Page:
1. Sell half your holdings right away. Take the proceeds, hold back enough to pay the capital gains taxes, and invest equal amounts in three things: an S&P 500 Index, a global stock index, and a money market fund.
  2. With the remaining holdings, consider diversifying, again into three equal buckets: Bitcoin, a “portfolio” of three to five credible crypto alternatives, and a portfolio of public companies that are doing important work in the crypto space.

If Bitcoin is gonna be Google, and cryptocurrencies as valuable as the Internet, you’ll still get filthy rich, but not quite as rich as you might have. A billionaire, perhaps, instead of a multibillionaire. If some other crypto replaces Bitcoin as the future Google, you’ve still got a shot at owning it, and getting much richer than if you stay concentrated in what might end up a loser. And if the whole digital currency thing is not the second coming of electricity, the internal combustion engine, and the internet rolled into one can’t-miss digital asset, you’ve still got a chance for profits owning real companies that derive economic advantage from blockchain innovation.

If Bitcoin is in a stupid bubble, and loses 90% or more of its value, you will have changed your life, and you will be the envy of your techie friends who didn’t get out, even a little bit.

Either way you win. Fail to diversify, and there is a non-zero possibility you end up with nothing, or something close.

This is going to be real interesting to watch.


Buffett vs. the Technologists, Round II

“The historical track record of old white men crapping on new technology they don’t understand is at, I think, 100%.”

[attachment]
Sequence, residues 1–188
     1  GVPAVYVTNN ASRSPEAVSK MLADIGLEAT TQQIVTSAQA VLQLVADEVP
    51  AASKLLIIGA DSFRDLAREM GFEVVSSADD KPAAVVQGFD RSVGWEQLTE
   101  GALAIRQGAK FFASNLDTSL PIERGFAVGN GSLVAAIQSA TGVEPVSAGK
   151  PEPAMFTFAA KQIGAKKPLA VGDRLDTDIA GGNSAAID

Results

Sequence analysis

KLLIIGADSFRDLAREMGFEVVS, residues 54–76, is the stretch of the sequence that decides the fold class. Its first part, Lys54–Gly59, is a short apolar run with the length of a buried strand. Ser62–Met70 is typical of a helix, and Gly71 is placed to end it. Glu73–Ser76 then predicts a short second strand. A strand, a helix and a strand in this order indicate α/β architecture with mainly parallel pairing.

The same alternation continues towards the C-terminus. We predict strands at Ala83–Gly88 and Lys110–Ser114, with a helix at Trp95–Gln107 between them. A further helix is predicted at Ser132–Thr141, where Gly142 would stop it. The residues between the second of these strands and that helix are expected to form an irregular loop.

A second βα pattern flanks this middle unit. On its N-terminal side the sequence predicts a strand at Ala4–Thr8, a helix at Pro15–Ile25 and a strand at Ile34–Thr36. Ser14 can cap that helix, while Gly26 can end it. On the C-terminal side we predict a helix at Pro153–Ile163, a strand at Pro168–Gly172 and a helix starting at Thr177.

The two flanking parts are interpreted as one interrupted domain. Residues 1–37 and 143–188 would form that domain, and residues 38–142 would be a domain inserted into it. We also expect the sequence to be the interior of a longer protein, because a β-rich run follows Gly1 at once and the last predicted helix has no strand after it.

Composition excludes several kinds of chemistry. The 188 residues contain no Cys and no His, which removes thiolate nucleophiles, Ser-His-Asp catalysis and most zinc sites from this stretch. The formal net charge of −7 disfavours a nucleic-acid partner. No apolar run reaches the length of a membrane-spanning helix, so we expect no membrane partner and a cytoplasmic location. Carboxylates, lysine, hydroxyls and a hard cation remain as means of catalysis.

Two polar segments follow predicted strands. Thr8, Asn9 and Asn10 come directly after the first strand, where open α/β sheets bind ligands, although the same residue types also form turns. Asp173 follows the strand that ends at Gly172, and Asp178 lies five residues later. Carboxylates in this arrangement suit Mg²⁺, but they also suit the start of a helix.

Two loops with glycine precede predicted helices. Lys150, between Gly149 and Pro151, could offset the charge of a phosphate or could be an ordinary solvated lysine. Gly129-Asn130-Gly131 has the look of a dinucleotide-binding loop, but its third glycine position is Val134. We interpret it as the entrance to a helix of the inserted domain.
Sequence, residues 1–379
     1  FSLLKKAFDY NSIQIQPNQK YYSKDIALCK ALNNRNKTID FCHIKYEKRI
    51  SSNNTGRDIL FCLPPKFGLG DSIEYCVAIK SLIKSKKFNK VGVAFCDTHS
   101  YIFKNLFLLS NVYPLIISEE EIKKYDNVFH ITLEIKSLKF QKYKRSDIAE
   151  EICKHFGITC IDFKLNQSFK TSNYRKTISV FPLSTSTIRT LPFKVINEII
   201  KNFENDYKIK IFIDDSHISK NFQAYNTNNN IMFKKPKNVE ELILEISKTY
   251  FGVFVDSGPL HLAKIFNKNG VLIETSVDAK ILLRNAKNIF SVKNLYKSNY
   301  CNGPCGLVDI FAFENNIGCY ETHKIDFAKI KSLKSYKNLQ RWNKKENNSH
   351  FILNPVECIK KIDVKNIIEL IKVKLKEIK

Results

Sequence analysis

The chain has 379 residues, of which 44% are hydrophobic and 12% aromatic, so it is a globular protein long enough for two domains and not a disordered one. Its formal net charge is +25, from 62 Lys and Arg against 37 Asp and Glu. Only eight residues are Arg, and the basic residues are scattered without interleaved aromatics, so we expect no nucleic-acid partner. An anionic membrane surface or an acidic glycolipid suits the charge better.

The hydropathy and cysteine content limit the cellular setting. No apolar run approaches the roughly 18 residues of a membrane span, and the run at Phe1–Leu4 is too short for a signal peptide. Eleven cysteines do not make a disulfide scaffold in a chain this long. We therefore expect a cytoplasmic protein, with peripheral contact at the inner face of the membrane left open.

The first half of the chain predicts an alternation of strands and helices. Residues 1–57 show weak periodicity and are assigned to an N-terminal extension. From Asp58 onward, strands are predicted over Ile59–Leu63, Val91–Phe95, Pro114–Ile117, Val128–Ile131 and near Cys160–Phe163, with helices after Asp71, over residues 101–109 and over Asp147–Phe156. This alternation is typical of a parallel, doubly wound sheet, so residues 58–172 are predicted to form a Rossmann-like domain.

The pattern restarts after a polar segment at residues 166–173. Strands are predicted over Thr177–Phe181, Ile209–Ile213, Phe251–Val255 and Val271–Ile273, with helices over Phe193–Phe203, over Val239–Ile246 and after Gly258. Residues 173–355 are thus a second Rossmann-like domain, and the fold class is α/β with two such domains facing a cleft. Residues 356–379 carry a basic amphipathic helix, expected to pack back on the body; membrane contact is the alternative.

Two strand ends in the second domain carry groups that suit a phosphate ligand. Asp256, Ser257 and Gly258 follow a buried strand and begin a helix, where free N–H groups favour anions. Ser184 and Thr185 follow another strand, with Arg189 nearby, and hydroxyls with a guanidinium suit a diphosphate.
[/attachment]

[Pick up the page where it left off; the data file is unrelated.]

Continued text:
Marc Andreessen, Venture capitalist and Bitcoin investor

Andreessen made his dismissive comment this summer at a forum discussing the future of Bitcoin, a crypto-currency I mentioned in a prior blog. The old white guy he was dissing was Warren Buffett, who had made some comments skeptical of the intrinsic value of Bitcoins.

Andreeseen was technically correct about Buffett’s predictive track record. He just had the value sign wrong. Buffett’s track record of forecasting the value of new technologies is indeed 100%, but the Sage of Omaha has been correct, not incorrect. Back in the late 1990s, Buffett published a comprehensive takedown of the technology bubble in Fortune magazine. At that time, tech enthusiasts dismissed him, indeed often ridiculed him for being old and out of touch. But Buffett was right. Investors in high-flying tech stocks lost most of their money as the tech-heavy NASDAQ index fell by almost 80% between March of 2000 and October of 2002.

Paying respectful attention to Warren Buffett is an intelligence test for any investor. So in trashing Buffett, was Andreesen ignorant, arrogant, or both?

The answer, I suspect, is neither. He was simply, as the tech world puts it, “talking his book.” (Thanks for that phrase, Mike.) Andreessen is a smart guy. He was one of the inventors of Mosaic, the first web browser, and a founder of Netscape. He reaped billions from his early tech career. Now a venture capitalist, he’s recently invested millions in the Bitcoin ecosystem — the range of companies working to provide support services to facilitate the deposit, spending, and transacting of Bitcoins and/or other crypto-currencies.